Apr 2, 2024 - Health

Medicare Advantage plans to see 2025 base pay fall

an illustration of a health plus made from dollar bills surrounded by ballot imagery

Illustration: Tiffany Herring/Axios

The Biden administration on Monday followed through on its proposal to cut next year's base payments to Medicare Advantage plans an average of 0.16%, despite pressure from insurers and their allies in Congress.

Why it matters: While the plans will wind up seeing a net increase once payments are risk-adjusted to account for the health of their customers, the news sent shares of UnitedHealth, CVS Health, Humana and Centene falling amid predictions of continued financial pressure.

State of play: The base pay decrease stems from the continued phase-in of controversial changes to the risk adjustment coding system the Biden administration started last year to make MA payments more accurate.

  • Insurers get more money if their enrollees have more documented health issues, and the policy changes aimed to stop abuses of that system. But the health plans maintain that's akin to cutting seniors' benefits.
  • The plans are expected to see an average 3.7%, or $16 billion, increase in payment once risk scores are factored in, the Centers for Medicare and Medicaid Services said.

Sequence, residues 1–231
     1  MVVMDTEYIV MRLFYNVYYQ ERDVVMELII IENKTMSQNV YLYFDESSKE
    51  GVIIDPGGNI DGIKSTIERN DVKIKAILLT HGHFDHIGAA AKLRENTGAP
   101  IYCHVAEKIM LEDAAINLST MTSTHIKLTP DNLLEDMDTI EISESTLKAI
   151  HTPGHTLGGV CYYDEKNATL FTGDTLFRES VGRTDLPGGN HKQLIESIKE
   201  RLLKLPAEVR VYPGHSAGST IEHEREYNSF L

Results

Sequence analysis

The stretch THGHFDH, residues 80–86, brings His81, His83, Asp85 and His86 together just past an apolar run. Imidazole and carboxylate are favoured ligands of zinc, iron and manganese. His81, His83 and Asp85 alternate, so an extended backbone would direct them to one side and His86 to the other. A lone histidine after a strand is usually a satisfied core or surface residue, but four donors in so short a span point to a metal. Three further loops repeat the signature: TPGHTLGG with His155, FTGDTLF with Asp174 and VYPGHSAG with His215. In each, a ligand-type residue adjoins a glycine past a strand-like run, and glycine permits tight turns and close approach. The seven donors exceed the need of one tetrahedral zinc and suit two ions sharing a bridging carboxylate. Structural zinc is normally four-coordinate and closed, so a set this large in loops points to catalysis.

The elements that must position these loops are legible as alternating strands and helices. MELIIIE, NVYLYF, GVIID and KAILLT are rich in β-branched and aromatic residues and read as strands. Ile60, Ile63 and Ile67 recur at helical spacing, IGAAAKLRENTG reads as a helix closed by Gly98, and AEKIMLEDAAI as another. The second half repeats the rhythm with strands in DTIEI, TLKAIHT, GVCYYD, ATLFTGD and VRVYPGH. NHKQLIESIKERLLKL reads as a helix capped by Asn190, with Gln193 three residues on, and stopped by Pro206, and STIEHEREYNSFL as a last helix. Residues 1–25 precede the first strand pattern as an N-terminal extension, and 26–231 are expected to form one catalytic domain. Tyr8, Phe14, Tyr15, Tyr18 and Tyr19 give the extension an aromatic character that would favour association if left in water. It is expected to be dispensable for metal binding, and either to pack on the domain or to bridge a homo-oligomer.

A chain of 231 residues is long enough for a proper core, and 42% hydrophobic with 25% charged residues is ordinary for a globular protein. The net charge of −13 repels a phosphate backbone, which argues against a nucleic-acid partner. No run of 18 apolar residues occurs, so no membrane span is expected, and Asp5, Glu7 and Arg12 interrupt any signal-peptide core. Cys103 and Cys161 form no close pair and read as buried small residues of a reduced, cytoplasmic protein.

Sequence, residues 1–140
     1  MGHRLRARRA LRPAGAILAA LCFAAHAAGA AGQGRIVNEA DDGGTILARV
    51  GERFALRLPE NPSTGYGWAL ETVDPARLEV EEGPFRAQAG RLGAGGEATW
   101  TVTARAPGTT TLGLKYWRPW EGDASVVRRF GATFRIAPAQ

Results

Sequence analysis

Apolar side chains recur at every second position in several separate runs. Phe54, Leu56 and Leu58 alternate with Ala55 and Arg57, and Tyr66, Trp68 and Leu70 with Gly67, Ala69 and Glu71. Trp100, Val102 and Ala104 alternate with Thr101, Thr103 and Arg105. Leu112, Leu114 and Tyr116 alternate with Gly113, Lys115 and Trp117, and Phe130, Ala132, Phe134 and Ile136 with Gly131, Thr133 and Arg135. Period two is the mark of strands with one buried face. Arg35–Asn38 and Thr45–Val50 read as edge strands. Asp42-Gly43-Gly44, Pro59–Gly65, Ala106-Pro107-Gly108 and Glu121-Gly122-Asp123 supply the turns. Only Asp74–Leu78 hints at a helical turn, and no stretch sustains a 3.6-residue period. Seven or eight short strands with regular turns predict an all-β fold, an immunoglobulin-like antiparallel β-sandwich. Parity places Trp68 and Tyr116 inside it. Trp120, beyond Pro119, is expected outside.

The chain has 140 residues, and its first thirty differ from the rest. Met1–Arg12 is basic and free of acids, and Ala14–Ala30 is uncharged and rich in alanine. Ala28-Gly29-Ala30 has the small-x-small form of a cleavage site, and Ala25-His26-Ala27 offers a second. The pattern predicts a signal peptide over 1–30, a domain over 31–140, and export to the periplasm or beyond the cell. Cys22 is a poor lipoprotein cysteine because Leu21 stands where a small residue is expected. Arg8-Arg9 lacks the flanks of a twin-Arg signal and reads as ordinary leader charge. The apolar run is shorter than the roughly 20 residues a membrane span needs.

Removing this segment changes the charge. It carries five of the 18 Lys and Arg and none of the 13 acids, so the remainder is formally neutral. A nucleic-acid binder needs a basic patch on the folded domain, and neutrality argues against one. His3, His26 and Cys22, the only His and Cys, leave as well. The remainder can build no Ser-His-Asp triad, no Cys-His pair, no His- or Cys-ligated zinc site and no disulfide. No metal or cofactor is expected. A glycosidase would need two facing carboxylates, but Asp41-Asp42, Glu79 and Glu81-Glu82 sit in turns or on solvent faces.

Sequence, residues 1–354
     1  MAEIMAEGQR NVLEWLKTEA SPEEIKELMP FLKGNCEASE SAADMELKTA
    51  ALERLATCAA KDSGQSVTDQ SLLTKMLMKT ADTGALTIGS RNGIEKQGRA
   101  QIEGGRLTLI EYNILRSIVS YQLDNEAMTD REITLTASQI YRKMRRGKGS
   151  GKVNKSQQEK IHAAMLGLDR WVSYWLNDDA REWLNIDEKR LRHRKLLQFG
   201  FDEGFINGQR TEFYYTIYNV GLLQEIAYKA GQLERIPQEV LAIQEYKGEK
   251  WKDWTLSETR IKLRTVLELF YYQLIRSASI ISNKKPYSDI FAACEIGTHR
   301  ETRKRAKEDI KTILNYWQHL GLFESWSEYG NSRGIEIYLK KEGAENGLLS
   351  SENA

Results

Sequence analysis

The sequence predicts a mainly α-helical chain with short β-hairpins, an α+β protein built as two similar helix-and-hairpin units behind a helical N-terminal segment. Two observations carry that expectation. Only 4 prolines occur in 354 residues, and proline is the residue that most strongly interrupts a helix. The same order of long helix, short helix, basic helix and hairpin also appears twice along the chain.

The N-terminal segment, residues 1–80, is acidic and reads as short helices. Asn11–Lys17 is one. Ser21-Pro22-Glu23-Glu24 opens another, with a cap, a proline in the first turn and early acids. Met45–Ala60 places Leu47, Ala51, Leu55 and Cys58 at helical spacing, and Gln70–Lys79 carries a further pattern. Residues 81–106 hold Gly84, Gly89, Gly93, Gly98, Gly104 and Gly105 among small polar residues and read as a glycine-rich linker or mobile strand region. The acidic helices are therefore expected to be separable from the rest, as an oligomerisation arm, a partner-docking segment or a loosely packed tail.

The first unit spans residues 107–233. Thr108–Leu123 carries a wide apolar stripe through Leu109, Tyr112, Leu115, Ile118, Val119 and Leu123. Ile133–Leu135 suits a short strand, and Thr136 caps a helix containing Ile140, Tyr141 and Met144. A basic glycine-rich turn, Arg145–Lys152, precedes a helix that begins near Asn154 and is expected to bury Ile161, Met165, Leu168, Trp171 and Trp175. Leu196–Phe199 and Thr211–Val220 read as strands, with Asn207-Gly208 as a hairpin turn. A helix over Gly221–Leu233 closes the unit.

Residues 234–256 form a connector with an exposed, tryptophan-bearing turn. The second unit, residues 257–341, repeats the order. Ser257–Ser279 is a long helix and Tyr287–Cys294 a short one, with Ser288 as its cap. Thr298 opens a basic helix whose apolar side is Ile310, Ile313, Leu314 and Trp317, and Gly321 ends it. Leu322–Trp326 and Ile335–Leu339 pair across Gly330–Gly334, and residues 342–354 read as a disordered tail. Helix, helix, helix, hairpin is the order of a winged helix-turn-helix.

Zoom out: More than half of Medicare enrollees now get their coverage from Medicare Advantage plans, which experts say are overpaid and cost taxpayers tens of billions of dollars more than they should.

  • Insurers administering benefits report rising costs due to higher demand for medical services as patients catch up on care they deferred during the pandemic.

The industry suggested this winter that benefits could be cut if CMS didn't improve rates over the initial plan.

What they're saying: "These policies will put even more pressure on the benefits and premiums of 33 million Medicare Advantage beneficiaries who will be renewing their coverage this fall," said Mike Tuffin, CEO of the insurer trade group AHIP.

What we're watching: Biden administration officials say enrollees' benefits should remain stable next year, but plan bids due June 1 could show scaled-back benefits and premium adjustments, said Duane Wright, a senior research analyst at Bloomberg.

  • "President Biden's team is gambling that MA beneficiaries won't realize before the election the benefits Biden's team is causing them to lose come January 2025," said Raymond James analyst Chris Meekins.
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